Jul, 2010
    tamra
    I live in Texas. I have heard that if you settle with a credit card company for less than what is owed, then you have to list the difference that you saved as income for the following tax return. Is this true?
    0 Votes

  • 35x35
    Jun, 2010
    Bill
    Foreclosure laws are state-specific, and you did not mention where the house is situated. You mentioned the foreclosure process is far along, which gives me pause. Therefore, consult with an attorney in your state immediately.
    0 Votes

  • 35x35
    Jun, 2010
    Ann
    My sister was very ill and lost income as a self-employed individual over 3 years. Her home is going into foreclosure. Can I buy it from her or go to the bank and request it be transferred into my name to help her to save her home? If she 'gifts' me the house and then I pay the back bills on it can this save the house? Or if she sell sit to me for whatever she owes the bank can I keep it out of foreclosure? I want to help her however I can. However the foreclosure is very far along. How can I stop the bank?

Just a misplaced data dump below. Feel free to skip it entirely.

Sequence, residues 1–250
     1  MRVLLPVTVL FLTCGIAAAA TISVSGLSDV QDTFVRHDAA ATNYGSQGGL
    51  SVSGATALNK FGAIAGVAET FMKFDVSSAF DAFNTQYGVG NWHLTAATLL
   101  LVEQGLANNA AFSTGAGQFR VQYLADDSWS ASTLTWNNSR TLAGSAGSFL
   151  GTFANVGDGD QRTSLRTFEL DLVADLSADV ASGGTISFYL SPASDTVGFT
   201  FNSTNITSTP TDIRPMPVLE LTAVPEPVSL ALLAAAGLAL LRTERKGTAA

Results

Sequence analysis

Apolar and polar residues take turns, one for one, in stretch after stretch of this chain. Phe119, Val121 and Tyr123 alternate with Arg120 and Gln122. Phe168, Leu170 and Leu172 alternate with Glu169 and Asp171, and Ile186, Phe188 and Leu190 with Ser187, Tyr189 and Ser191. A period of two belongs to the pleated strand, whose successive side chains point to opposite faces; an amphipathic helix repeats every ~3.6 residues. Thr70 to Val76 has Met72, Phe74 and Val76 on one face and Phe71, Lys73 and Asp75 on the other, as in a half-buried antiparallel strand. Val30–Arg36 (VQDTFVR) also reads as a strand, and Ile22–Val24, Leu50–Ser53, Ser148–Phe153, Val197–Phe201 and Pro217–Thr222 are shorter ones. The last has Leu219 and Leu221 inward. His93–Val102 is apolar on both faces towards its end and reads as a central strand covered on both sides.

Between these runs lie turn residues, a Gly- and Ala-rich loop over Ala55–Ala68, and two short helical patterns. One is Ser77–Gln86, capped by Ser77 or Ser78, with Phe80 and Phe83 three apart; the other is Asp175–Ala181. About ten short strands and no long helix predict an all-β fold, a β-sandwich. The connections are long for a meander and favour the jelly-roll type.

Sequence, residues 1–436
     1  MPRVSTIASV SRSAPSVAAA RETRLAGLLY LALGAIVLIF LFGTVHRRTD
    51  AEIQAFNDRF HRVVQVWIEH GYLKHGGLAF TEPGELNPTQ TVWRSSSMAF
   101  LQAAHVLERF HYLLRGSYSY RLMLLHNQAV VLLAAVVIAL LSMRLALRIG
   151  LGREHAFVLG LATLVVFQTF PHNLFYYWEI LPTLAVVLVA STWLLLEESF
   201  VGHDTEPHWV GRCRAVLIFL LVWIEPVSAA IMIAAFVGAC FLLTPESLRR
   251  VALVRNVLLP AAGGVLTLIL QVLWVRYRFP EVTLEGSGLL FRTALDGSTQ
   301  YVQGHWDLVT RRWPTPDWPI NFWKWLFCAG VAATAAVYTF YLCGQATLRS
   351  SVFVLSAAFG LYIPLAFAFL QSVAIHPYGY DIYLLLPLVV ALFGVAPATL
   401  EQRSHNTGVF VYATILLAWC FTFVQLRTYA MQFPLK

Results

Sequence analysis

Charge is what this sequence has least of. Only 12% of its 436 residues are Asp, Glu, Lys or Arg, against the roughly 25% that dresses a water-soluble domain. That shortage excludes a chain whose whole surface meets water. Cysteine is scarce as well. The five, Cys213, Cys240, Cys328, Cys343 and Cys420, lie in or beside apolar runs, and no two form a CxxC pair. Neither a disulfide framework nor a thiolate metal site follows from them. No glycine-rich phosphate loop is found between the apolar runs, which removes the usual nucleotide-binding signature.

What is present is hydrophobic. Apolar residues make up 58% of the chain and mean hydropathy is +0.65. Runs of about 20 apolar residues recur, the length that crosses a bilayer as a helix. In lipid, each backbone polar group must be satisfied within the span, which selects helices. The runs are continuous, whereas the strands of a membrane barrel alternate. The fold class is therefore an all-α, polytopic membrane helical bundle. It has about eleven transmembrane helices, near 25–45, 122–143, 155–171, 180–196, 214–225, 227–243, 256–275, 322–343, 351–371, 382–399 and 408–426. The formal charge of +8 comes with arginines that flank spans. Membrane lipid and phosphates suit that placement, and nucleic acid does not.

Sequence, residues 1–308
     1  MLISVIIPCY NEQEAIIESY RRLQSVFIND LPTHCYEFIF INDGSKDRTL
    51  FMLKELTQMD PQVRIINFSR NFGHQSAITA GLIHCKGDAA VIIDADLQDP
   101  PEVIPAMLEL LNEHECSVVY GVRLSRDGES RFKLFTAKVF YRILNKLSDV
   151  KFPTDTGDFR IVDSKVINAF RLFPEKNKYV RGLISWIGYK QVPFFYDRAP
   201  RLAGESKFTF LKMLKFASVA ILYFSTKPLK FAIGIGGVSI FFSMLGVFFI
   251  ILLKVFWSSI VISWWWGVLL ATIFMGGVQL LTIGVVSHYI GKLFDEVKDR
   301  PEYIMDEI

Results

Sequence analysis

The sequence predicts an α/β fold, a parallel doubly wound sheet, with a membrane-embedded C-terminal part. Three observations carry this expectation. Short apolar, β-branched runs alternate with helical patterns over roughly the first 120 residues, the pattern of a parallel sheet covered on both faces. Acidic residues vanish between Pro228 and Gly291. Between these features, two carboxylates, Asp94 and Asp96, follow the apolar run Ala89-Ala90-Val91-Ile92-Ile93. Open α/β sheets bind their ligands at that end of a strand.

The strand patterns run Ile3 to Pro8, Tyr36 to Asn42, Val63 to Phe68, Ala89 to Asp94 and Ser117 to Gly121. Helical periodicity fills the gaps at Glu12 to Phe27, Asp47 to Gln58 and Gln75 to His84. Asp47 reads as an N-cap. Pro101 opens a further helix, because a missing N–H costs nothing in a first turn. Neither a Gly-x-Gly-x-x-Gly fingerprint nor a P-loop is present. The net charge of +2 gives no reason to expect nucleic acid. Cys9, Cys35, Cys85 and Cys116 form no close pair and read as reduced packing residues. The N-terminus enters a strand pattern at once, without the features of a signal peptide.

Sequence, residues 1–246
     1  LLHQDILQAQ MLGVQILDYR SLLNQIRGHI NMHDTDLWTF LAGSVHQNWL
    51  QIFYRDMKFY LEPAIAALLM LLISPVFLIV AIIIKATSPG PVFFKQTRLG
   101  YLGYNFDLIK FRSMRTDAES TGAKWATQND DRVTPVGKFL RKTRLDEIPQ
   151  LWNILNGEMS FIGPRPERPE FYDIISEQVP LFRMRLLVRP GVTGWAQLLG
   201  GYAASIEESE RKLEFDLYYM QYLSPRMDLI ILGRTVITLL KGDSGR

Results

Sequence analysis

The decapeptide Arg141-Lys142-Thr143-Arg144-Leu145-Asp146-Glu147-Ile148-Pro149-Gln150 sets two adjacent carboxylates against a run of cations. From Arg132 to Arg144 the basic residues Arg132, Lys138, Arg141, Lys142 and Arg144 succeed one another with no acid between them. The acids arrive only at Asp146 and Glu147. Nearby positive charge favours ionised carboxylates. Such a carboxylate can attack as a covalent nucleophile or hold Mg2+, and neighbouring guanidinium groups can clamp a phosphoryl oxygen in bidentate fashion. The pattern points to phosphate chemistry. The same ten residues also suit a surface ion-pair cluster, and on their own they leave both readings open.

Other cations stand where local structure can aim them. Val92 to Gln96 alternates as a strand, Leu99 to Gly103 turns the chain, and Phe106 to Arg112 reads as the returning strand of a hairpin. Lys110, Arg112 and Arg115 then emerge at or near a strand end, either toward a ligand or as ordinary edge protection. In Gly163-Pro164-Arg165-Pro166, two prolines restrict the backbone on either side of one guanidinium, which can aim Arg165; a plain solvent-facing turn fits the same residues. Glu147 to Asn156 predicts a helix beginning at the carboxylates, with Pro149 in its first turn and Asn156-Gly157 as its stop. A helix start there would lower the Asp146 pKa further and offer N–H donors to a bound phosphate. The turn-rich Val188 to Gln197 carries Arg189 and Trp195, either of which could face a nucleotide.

0 Votes

  • 35x35
    Jun, 2010
    Bill
    I agree with your conclusion -- the foreclosure will damage your credit score, and defaulting on credit cards will make a bad situation worse, but not that much worse relatively speaking. Negotiating settlements after charge off either yourself or with the help of a service provider is a good way to achieve debt freedom quickly.
    0 Votes

  • 35x35
    Jun, 2010
    el
    we relocated to another state NC. Our home in AZ is being short saled, but it will probably will foreclose. We have appox 12K in CC debt. Should we let this go to charge of and deal with the creditors at that moment as to accept a lower amount owed? Since we now live in NC they cannot go after wages. Not sure what to do because our credit is hit either way with the foreclosure so what is another CC mispayment going to do to it? PLease help!
    0 Votes

  • 35x35
    Jun, 2010
    Bill
    I do not see that unsecured creditors have the right to place a lien on real property and then foreclose under Michigan law. I hasten to add, however, that I am not a Michigan attorney and my understanding of Michigan law is slight. Consult with a Michigan attorney who can learn more about your circumstances and give you a precise answer.
    0 Votes

  • 35x35
    Jun, 2010
    Jon